To speak with a Cimetrix GEM expert, or to find out more about our GEM software products, you can schedule a meeting by clicking the link below.

Ask an Expert

Topics: Industry Highlights, SECS/GEM, Semiconductor Industry, Smart Manufacturing/Industry 4.0

Cimetrix is headed to Tokyo for SEMICON Japan 2019 – our last show of the year!

Posted by Kimberly Daich; Director of Marketing on Dec 4, 2019 5:00:00 PM

SEMICON Japan 2019 is coming soon and we will be there! You can read about it now in Japanese or below in English.

2019NewHero_bnr-1Cimetrixは本年最後の業界エキジビションである、セミコンジャパン2019に出展致します。

今回Cimetrixとして初めての単独ブースを、東京ビックサイトで開催されるセミコンジャパン2019出展します。期間は1211()~1213()です。
パートナーのブース(ローツェ株式会社様 #8419、および株式会社明電舎様#7714)、またはCimetrixブース(#2467)に是非お立ち寄りください。

日本は世界半導体製造産業界に生産設備の3分の1、材料の半分以上を供給しています。ITを利用した高度な生産効率の改善を実現するためのスマートマニュファクチャリングの推進にあたり、革新的なソリューションとテクノロジーをセミコンジャパンをはじめとする展示会で積極的に紹介しています。

弊社ブースでは今回GEM装置接続・制御ソフトウェアソリューション、EDA/Interface A組み込み開発ソリューション、及び最新製品であるGEM/GEM300スタンダードコンプライアンステスターのEquipmentTestをご紹介します。お客様はEquipmentTestを使用することで、工場側通信システムに接続するための装置通信機能を迅速に検証できます。
本ツールはベーシックバージョンとプロフェッショナルバージョンが準備されており、GEM、PCBECI、及びSEMI SMT-ELSの完全な標準コンプライアンステストを使用可能です。

最新製品としてもうひとつ、Sapienceを展示します。
Sapienceはスマートマニュファクチャリングを実現するための、装置データハンドリングプラットフォームです。イベント駆動型フレームワークを採用しており、さまざまな装置設備と工場をシームレスに接続可能です。
工場のITシステムが設備に直接アクセス可能とすることで工場主体の装置通信、データ収集、プロセス制御を実現し、インダストリー4.0、ビッグデータ、スマートマニュファクチャリングの基盤を確立します。

また弊社は12月11日(水)午後3時10分から会議棟608号室、TechSTAGE SMART Manufacturingフォーラムにて講演を行います。今年のテーマは「組み立てラインにおけるスマート化」です。この講演では、弊社のシステム構築のエキスパートコンサルタントであるアラン・ウェーバーが、「半導体スマートマニュファクチャリング:後工程ファクトリーのスマートマニュファクチャリング実現の要件、スタンダード、ソリューション」というタイトルのプレゼンテーションを行います。

展示会期間中に、是非、弊社ブース#2467にお立ち寄りください。
生産設備のスマート化、スマートファクトリーソフトウェアの専門家がお待ちしています。
下のボタンをクリックして事前にミーティング予約することも可能です。
お客様のご来訪をお待ち申し上げております。Meet with Us


2019NewHero_bnr-1Cimetrix is headed to Tokyo for SEMICON Japan 2019 – our last show of the year!

We are travelling to Tokyo, Japan next week to exhibit in our own booth at SEMICON Japan for the first time! This year’s show is once again located at Tokyo Big Sight from Wednesday, December 11 – Friday, December 13. Whether it’s at our partner booth (Rorze Corporation #8419 and Meiden #7714) or at the Cimetrix booth (#2467), we hope to see you there!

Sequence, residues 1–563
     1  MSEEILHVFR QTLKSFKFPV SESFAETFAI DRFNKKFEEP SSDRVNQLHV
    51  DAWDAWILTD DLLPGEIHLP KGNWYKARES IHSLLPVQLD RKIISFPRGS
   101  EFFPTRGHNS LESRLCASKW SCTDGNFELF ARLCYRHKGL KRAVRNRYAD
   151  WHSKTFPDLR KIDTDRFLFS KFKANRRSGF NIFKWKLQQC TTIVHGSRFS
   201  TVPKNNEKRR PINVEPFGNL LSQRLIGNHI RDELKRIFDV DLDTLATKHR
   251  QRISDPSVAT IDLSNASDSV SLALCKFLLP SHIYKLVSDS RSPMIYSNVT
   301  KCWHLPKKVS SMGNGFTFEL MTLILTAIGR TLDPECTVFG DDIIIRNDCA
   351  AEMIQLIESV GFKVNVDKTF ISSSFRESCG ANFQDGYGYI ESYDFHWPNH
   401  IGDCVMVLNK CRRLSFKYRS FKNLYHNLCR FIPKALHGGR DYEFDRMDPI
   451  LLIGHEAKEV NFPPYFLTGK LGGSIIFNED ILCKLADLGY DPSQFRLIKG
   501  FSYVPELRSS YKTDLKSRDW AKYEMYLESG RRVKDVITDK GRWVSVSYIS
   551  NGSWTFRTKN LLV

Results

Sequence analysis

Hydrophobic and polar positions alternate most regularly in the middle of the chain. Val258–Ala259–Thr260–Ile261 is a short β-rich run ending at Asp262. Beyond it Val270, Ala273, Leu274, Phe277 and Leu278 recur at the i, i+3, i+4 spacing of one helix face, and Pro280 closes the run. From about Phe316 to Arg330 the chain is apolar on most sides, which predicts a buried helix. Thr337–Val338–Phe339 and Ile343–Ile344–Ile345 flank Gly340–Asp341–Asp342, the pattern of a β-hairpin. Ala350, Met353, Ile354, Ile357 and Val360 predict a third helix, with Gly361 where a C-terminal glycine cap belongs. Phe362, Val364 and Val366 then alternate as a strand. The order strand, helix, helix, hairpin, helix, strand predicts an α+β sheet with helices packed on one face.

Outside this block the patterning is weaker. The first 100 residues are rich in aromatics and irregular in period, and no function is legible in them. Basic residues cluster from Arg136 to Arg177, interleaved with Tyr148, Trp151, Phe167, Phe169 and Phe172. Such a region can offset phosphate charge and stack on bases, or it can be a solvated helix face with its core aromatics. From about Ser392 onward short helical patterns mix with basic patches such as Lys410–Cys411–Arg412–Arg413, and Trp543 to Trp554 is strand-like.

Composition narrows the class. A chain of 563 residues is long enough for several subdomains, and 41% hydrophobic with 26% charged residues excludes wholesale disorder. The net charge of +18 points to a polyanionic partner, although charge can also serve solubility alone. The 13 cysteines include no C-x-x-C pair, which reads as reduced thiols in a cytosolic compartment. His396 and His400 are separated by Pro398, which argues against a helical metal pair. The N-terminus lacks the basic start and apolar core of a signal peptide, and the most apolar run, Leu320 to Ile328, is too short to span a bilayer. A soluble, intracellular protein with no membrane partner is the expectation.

Japan supplies one third of the equipment and more than half of all materials to the global semiconductor manufacturing industry. As the world gets smarter, innovative solutions and technologies continue to be introduced at big shows like this.

Cimetrix will be showing all of our GEM equipment connectivity and control software solutions, as well as our EDA/Interface A products. We will also be introducing Japan to some of our newest products: Cimetrix EquipmentTest. This flexible software tool allows you to quickly validate an equipment’s ability to connect to a factory control system. It can be purchased in both the Basic and Pro versions, and supports full standards compliance tests for GEM, PCBECI and SEMI SMT-ELS out of the box.

Cimetrix Sapience will also be on display at our booth. Sapience is the Smart Factory Platform that seamlessly connects varying factory equipment within a single event-driven framework. The Sapience platform allows factory IT systems direct access to factory equipment, and the resulting equipment communication, data collection and process control establishes the foundation for Industry 4.0, Big Data and Smart Factory initiatives.

We are also privileged to have been invited to speak at the Smart Manufacturing Forum on Wednesday (Dec 11) afternoon at 3:10 pm on the TechSTAGE in Room 608 of the conference Tower. This year’s theme is “Realizing the SMART Assembly Line.” In this context, Alan Weber will deliver a presentation entitled “Semiconductor Smart Manufacturing: Requirements, Standards, and Solutions for the Back End.”

We encourage you to stop by booth #2467 and speak with an expert for your Smart Equipment and Smart Factory software needs! You can also book a meeting with us in advance by clicking the button below. We hope to see you soon.Meet with Us

 

Topics: Semiconductor Industry, Doing Business with Cimetrix, Events, Smart Manufacturing/Industry 4.0

EDA Programmatic Model Building

Posted by Derek Lindsey: Product Manager on Nov 27, 2019 11:00:00 AM

The Cimetrix CIMPortalTM Plus software product allows users to achieve compliance with the SEMI Interface A standards. This includes E120, E125, E132, E134 and E164. A key element in enabling the data collection provided by Interface A is the equipment model, which has three main purposes: